“We focused our attention on the center as well as the margin. We understood both. This mode of seeing reminded us of the existence of a whole universe, a main body made up of both margin and center.”
- Feminist Theory: From Margin to Center, by: bell hooks
After a long, collaborative effort, N.C. Central University has become the state’s first public HBCU to offer a minor in women’s and gender studies. While some courses are already available, students can declare the minor starting this fall.
“I’m new to N.C. Central,” said political science professor, Yaba Blay with an enthusiastic smile.
“but it does strike me as interesting that with a long history of having a predominantly women student body that it has taken so long to get a women’s & gender and gender studies minor.”
On March 29, Blay delivered the inaugural lecture for the new minor entitled “Unforgivable Blackness: Skin Bleaching & the Politics of Skin Color.”
Blay is the Dan Blue endowed chair in the department of political science, where this fall she will be offering courses that question issues of white supremacy, patriarchy, and the black body politic as a part of the new women’s and gender studies minor.
According to the dean of the College of Arts and Sciences, Carlton Wilson, in the summer of 2013 a planning committee, including mass communication professor Shauntae White, was convened to discuss the possibilities of offering a women’s and gender studies program through the college.
After an initially productive meeting, followed by several years of stagnation, White assumed leadership as the coordinator and completed the proposal for the interdisciplinary minor.
Students must complete 18 credit hours in any of the special courses available in political science, history, english, theatre, health, and mass communication to secure the minor. The only two required courses are “Introduction to Women’s & Gender Studies” and “Black Feminist & Feminist Thought.”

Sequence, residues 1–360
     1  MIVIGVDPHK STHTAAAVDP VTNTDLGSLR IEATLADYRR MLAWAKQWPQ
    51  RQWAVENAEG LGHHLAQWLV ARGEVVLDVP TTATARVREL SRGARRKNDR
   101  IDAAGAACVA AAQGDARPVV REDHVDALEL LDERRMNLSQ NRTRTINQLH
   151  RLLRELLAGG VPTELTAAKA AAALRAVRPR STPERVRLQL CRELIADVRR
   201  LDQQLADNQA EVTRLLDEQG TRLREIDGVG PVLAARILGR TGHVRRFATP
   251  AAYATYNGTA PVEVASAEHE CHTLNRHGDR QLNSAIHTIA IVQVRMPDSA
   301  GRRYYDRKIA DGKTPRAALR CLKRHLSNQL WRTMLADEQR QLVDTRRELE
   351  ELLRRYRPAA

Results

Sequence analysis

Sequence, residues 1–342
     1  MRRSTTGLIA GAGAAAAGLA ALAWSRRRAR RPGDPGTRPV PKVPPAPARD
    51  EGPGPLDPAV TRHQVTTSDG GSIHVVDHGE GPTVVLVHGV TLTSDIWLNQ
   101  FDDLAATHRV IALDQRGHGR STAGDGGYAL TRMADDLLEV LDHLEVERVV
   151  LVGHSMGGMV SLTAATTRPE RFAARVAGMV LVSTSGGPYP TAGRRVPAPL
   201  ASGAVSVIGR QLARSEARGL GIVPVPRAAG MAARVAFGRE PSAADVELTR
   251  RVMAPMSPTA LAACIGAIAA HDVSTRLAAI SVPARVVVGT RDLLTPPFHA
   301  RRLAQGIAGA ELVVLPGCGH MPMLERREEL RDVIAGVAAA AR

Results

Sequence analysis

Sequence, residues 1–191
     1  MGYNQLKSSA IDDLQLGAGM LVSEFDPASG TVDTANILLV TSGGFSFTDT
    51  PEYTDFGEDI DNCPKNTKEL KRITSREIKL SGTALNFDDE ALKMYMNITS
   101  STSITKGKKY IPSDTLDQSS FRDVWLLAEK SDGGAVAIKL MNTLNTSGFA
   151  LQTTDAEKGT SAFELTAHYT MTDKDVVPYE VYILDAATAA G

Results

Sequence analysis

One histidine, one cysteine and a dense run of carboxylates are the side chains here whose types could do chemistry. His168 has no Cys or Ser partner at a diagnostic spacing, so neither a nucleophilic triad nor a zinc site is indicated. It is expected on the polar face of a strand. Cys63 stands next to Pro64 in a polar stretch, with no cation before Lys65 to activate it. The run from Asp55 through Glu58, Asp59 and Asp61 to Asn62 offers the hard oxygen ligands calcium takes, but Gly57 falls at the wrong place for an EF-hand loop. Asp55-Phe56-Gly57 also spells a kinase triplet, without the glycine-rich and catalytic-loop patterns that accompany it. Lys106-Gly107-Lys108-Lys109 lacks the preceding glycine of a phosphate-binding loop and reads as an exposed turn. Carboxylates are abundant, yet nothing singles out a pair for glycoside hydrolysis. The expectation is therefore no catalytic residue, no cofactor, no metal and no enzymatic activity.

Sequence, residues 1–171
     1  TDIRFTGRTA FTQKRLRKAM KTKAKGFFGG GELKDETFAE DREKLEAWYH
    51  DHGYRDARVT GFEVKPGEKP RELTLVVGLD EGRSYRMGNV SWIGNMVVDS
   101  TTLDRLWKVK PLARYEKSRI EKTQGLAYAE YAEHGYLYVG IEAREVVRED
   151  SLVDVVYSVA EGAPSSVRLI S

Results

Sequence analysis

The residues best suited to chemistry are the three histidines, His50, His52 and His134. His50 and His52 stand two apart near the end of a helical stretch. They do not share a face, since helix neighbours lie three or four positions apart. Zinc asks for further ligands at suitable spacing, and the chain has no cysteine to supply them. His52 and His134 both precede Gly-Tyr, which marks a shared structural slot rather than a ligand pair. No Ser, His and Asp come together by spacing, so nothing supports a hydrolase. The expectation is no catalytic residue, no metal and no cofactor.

Texts like “Feminist Theory: From Margin to Center” by: bell hooks, will introduce students to language and ideas that place women at the center.
History professor, Baiyina Muhammad, was also a part of the committee and has been instrumental in the progress of the program. Muhammad said the quest for women’s studies goes back even further than 2013.
As early as 1979, there is documentation of substantial efforts to develop an interdisciplinary undergraduate degree in women’s studies here at NCCU.
It’s unclear what exactly has prevented, for decades, the establishment of a program.
Last fall, undergraduate women outnumbered men at NCCU two to one, according to collegeportraits.org. Some have expressed concerns that maybe because women make up the majority of the student body, a special focus on women just hasn’t been a priority.
“There is a question about the value of women’s & gender studies,” said Blay. “Just because you have a lot of women here doesn’t mean that they see themselves reflected in the classroom. That you can get an entire degree and never see the application of your degree to women, and be a woman, is a problem. So, while I think it is interesting, and perhaps even unfortunate, that it has taken this long, I’m excited that it’s finally here.”